CINCINNATI — An Immigration and Customs Enforcement decision to release some undocumented immigrants from detention centers because of looming budget cuts is being applied unevenly across the country.
ICE wouldn’t explain Thursday why prisoners were let go beginning Tuesday from some facilities but not others.
None of the 93 “immigration detainees” being held in the Butler County Jail in Hamilton, Ohio, have been released, said Sgt. Monte Mayer, Butler County Sheriff’s spokesman.
ICE officials said in a statement that the release of hundreds of undocumented immigrants was caused by uncertainty about the agency’s budget. Broad federal budget cuts are expected to start Friday under the so-called “sequester,” which mandates $85 billion in spending cuts during the rest of fiscal 2013 and $1.2 trillion over 10 years.
ICE is part of the Department of Homeland Security, which faces a $4 billion budget cut, DHS Secretary Janet Napolitano said earlier this week.
“ICE has reviewed its detained population to ensure detention levels stay within ICE’s current budget,” agency Deputy Press Secretary Gillian Christensen said in a statement. “Over the last week, ICE has reviewed several hundred cases and placed these individuals on methods of supervision less costly than detention.
“All of these individuals remain in removal proceedings. Priority for detention remains on serious criminal offenders and other individuals who pose a significant threat to public safety.”.
300 let go in Arizona.
Around the country, 300 illegal immigrants were released from federal custody in Arizona, stoking an already white-hot controversy in the border state that has one of the nation’s toughest laws against illegal immigration.
Illegal immigrants also were released from federal detention in Michigan and Ohio, but ICE’s Detroit office, which has jurisdiction over the two states, said it was not “at liberty to discuss the breakdown beyond confirmation.”.
ICE officials in Washington confirmed that illegal immigrants were released from detention in California, New Jersey, New York and Texas. The Associated Press reported that 100 such prisoners were released from Broward Transitional Center in Florida.
The federal government has 32,800 beds nationally for illegal immigrants in detention, at an estimated average cost of $164 a day. Other means of community-based monitoring can cost less than $14 a day, according to the National Immigration Forum.
Immigrants released in Florida were told to self-report to immigration offices within the week and again within a month.
Even as momentum appears to be building toward changes in immigration law, ICE has reported record numbers of deportations in each of the past three years. The agency said it deported 409,849 immigrants in fiscal 2012, up from 396,906 and 392,000 in the previous two years.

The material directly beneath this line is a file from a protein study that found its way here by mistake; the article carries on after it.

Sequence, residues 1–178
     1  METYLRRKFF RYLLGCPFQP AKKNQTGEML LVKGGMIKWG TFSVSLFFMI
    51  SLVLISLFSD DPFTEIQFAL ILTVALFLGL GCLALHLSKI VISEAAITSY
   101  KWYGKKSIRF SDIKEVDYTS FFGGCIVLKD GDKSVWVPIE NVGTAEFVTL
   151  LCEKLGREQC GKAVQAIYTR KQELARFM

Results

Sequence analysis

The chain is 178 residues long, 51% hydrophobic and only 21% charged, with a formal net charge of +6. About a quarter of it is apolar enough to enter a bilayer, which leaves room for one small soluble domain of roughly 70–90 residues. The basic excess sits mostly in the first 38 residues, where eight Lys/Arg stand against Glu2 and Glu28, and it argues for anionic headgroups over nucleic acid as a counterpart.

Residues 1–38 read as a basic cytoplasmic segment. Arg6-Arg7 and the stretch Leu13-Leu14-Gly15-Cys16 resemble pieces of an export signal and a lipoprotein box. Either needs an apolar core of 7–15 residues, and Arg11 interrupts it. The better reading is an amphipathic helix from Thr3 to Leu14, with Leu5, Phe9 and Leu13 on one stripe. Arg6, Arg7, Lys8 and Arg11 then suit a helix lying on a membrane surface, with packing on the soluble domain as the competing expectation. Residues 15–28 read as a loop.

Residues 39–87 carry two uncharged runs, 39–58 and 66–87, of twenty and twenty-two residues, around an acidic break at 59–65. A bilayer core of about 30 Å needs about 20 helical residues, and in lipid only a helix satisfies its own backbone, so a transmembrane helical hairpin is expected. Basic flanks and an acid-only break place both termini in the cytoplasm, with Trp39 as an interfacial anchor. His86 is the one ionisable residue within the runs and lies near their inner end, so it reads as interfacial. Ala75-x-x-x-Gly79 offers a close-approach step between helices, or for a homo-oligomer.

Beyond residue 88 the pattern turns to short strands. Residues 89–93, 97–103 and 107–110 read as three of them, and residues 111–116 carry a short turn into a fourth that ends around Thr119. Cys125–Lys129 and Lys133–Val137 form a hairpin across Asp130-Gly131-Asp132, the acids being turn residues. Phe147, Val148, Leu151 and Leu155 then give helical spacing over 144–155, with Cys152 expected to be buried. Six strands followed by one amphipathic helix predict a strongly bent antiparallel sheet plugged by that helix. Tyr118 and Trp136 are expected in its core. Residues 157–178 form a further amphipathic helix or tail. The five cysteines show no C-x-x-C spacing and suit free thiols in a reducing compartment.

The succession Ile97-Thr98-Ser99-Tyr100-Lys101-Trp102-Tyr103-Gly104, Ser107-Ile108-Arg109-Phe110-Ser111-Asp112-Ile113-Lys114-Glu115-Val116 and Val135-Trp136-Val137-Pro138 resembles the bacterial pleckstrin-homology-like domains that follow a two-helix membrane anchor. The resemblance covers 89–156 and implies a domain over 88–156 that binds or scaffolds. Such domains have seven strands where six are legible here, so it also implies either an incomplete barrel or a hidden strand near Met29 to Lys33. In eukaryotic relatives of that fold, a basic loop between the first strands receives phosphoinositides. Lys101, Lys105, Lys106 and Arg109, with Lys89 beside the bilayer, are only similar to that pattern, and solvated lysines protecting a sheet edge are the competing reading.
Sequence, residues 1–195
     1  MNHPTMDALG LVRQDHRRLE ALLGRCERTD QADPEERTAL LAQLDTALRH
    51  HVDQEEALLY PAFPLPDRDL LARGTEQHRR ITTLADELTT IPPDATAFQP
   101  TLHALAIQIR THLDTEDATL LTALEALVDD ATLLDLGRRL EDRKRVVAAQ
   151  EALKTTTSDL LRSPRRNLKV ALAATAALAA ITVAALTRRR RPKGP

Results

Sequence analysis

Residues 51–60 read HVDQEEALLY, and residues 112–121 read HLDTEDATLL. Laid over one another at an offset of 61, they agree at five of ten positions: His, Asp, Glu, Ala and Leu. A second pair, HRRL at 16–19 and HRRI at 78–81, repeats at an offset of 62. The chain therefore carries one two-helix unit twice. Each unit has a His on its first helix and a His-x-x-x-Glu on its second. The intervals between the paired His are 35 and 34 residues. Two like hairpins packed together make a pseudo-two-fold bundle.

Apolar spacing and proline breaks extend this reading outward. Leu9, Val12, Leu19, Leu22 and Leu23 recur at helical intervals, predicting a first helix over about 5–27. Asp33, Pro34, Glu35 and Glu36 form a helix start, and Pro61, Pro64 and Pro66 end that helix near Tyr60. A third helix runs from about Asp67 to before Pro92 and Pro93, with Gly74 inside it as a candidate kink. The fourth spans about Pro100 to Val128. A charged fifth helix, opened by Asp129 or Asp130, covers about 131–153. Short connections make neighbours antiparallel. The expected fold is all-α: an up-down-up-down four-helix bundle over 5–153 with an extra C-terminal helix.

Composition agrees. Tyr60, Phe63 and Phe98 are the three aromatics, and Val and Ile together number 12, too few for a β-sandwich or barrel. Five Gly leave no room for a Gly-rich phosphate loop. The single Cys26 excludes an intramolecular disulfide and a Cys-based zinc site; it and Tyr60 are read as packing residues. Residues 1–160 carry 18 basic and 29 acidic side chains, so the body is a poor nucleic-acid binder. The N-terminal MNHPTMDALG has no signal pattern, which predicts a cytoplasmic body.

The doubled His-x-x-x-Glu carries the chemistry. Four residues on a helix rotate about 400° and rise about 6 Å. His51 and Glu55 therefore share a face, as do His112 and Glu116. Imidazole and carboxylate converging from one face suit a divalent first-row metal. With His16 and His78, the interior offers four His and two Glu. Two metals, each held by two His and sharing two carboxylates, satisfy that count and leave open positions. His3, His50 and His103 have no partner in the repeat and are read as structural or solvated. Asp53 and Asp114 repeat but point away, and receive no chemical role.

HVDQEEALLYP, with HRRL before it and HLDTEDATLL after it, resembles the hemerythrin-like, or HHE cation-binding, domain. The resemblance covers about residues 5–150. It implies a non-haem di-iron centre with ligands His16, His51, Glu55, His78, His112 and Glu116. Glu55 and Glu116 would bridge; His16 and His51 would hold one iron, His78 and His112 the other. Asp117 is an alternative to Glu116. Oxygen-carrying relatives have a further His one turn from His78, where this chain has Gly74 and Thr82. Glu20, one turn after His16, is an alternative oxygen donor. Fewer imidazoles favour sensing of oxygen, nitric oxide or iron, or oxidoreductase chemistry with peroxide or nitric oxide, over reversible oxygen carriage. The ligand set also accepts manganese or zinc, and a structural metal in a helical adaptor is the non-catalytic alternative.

White House Press Secretary Jay Carney said this week that the decision to release the immigrants was made without any input from the White House. He described the released immigrants as “low-risk, non-criminal detainees.”.
Yet in Burlington, Ky., The 50 illegal immigrants released from the Boone County Jail had been charged with a crime other than being in the United States illegally, Boone County Jailer Ed Prindle said.
“They were released by the immigration service into the community,” he said. “This isn’t something that I like any more than anybody else.”.
The jail normally holds up to 160 immigration detainees.
Prindle said all of the immigrants released were arrested in Kentucky and were going through the deportation process.
Republicans criticize ICE.
Many congressional Republicans demanded an explanation for the sudden and uneven release of illegal immigrants.
Two top Republicans on the Senate and House Judiciary committees, Sen. Chuck Grassley of Iowa and Rep. Bob Goodlatte of Virginia, released a letter Thursday that criticized Napolitano for her decision.
“While the administration is clearly embarking on a campaign to scare the public and Congress about the realities of budget reductions, it is clear that you have not planned adequately for the March 1 sequestration,” the Republicans wrote.
Speaker of the House John Boehner, R-Ohio, could not be reached Thursday for comment.
The releases come about a month after a bipartisan group of senators and President Barack Obama each announced the rough framework for their respective plans for immigration law reform.
An estimated 11.1 million undocumented immigrants are currently in the United States. Many advocates favor a direct pathway to citizenship for them. One is the Rev. Troy Jackson, leader in the clergy-driven social reform group Ohio Prophetic Voices.
“Our current policy of incarceration is not humane, not just and not economically sustainable,” Jackson said. “These releases are a symptom of the overall problem with our policies. If it’s a more streamlined government people are after, the way we are handling undocumented people is not economically feasible.”.
Contributing: Mark Hansel and Janice Morse of The Cincinnati Enquirer; The Associated Press.